Just back from Vietnam in 1971, he drove down the narrow road to Miloli'i. The sea's deep there, so they fish in the old Hawaiian way. From one hut he heard the most beautiful music. Points toward the stage: it was that guy, Led Kaapana. Saved his life. He remembers this song—must be getting old. Scots-Irish-Chinese-Hawaiian. Hawaiians used to welcome everyone in, he says, his arms stretched out in a circle. His family sold his land. Money, he says, rubbing his fingers together. Money. Bought land in Waiahole and grew papaya. But then the Agent Orange; he points to his chest, up and down. Sounds so good, eh? A-GENT O-RANGE. The jungle was a comfort to him, but then they walked out into the bright light. We killed three million of them, and they killed 58 thousand of us. The Chinese fed their hungry. (He's Chinese you know.) His great-grandfather was Scottish but spoke Hawaiian, fished the windward coast. That small church at the Marine Corps; he founded it. They all died of disease, no matter who they were. His unit came after the B-52s laid down their carpets. They killed the ones who were terribly wounded, had to. One guy tried to enlist for a fourth time, but they didn't let him. He remembers this song—must be getting old. He forgets things now. Puts down his coffee cup and walks out the golf course side of Honey's Bar and Grill. It's owned by the Presbyterian Church.
Saturday, May 28, 2016
From the past alone, if we love it. A pretend eternity, like the Saigon theme park full of giant concrete Buddhas, where the rides were mostly broken. If movement is fun, then this was monotony. The tea was sweet, though, and we ran into each other on the wooden bridges. If this was a theme park, then our theme was dysfunction in the shadows of a curiously permanent impermanence. A tall ferris wheel jerked slowly over the abandoned roller-coaster, like admin over a humanities department, or athletics over pure science. The Galapagos has a thriving tourist industry; if you wait long enough, you evolve into the person of your dreams. But that's too long to wait, so stop time, before you speed it up. Your flower will bloom as quickly as one Rothko gifs into another. Crystal meth metonomy. He saw young men with the hearts of 80 year olds. Our kids squealed their joy from inside the tunnels of Cu Chi.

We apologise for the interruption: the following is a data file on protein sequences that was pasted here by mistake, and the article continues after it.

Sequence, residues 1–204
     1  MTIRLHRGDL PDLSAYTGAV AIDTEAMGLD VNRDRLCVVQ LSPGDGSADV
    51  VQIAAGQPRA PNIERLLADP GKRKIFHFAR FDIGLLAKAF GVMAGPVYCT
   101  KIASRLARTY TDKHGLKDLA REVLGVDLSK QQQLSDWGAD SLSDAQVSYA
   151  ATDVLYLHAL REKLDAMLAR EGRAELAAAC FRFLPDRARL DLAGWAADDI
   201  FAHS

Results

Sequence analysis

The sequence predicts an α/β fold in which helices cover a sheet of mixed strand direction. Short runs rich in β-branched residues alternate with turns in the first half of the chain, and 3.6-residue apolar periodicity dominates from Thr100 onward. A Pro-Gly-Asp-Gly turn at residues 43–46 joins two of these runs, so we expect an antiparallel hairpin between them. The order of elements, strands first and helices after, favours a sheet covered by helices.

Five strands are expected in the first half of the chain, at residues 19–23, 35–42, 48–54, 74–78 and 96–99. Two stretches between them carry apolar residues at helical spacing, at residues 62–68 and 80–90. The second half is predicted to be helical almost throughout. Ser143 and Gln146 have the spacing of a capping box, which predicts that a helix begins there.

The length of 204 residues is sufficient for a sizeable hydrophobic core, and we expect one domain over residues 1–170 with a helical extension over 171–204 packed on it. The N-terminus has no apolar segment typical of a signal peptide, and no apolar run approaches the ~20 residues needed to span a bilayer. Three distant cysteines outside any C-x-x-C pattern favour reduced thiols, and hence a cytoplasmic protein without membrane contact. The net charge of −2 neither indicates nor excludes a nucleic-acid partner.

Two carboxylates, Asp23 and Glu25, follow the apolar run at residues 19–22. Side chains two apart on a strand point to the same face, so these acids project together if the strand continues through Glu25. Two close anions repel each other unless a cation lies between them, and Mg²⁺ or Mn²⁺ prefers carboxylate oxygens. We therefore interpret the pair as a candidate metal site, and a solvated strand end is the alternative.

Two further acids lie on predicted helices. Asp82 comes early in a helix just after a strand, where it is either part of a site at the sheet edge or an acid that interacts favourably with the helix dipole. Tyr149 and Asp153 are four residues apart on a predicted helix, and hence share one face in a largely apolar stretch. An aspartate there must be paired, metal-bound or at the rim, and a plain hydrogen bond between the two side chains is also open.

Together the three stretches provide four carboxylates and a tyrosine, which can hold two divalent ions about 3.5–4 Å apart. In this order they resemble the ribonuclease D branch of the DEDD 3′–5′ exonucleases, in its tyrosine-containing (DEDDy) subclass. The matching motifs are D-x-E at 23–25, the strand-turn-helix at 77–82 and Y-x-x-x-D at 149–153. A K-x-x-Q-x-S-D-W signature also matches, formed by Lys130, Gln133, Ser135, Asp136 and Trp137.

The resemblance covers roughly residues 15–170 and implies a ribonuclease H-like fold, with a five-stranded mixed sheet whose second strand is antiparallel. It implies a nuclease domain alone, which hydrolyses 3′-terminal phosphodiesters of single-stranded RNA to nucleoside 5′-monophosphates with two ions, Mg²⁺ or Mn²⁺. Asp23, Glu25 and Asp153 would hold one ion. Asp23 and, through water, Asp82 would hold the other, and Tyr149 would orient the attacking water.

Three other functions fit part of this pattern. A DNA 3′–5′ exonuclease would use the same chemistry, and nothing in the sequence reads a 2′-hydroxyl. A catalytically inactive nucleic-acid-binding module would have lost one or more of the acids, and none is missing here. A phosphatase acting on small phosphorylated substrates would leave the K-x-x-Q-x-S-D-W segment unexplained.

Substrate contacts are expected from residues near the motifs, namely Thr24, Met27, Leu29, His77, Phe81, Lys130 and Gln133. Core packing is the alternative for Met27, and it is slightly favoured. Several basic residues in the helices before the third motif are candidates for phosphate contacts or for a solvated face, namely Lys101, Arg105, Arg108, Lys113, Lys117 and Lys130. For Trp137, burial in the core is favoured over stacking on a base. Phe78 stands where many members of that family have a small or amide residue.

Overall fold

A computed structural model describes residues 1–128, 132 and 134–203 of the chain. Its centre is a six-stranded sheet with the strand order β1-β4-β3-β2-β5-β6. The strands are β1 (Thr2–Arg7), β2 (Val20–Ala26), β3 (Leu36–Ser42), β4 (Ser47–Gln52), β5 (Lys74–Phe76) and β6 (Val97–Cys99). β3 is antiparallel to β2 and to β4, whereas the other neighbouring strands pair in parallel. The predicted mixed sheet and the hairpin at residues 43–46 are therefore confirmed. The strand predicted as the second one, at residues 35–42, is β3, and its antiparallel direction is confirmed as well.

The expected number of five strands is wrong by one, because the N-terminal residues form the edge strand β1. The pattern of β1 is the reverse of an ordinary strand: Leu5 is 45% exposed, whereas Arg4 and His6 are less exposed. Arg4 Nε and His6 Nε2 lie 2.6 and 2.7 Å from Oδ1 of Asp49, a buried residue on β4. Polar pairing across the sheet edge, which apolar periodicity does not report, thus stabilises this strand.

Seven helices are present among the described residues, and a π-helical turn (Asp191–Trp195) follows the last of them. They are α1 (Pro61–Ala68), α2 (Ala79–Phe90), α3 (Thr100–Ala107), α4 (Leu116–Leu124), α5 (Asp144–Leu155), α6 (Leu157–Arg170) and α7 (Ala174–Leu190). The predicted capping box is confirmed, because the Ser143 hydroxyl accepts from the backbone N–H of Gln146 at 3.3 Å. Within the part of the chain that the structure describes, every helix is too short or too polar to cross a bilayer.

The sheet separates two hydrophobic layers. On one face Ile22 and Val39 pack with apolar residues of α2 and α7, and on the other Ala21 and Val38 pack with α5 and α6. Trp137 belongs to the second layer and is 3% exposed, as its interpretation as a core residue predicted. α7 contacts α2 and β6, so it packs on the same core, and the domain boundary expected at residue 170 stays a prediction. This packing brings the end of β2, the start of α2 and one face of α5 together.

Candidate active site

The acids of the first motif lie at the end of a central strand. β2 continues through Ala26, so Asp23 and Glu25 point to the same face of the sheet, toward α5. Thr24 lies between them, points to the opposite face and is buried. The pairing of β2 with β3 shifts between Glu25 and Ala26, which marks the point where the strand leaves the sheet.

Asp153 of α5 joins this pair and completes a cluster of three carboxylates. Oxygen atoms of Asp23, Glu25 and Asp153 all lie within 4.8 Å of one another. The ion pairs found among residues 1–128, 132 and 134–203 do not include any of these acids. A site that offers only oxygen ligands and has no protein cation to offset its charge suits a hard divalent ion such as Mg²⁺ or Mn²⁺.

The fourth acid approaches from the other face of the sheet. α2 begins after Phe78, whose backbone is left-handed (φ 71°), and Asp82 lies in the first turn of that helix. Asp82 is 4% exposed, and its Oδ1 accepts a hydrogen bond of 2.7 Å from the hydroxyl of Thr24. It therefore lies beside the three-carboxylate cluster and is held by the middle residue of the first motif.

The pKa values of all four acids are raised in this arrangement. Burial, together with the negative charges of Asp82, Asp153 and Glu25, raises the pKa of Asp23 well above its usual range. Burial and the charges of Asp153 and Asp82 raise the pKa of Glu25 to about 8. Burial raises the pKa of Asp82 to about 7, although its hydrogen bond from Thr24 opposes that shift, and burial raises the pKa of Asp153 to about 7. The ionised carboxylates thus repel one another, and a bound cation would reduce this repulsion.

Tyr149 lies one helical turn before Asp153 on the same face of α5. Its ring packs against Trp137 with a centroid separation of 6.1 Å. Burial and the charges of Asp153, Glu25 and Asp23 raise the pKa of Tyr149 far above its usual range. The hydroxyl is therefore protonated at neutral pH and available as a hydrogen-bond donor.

Posted by susan at 12:32 PM
Friday, May 27, 2016
We have to try to cure our faults by attention, and not by will. I looked down at the First Folio's open page and read, “to fleep perchance to dream.” When a dyslexic businessman looks at street signs, he sees letters but not where they belong. His only order, memorized. My student's sentences flit from hurt to hurt like hummingbirds. I ask him to look at what he's leaving, but that's for a later age, after the slowing down of synapses (and their attendant asps). The dream included snakes, but they were shedding skin rather than flashing it. Earth is covered with our molting: shell casings, bird shit, flat tires, a pile of wood where a single-wall house fell in on itself. To attend to this is not to reverse animation, turn tragedy into farce. It's to rest in the particular moment of our dying. The envelope arrived from Thailand with hardly any address on it: my name and place of work. Ithi's memory book; flip it either way and he smiles. Dead “by his own hand” at 33 on this Good Friday. I fucking hate symbolism.
--i.m Ithi S.
Posted by susan at 11:22 AM
Tuesday, May 24, 2016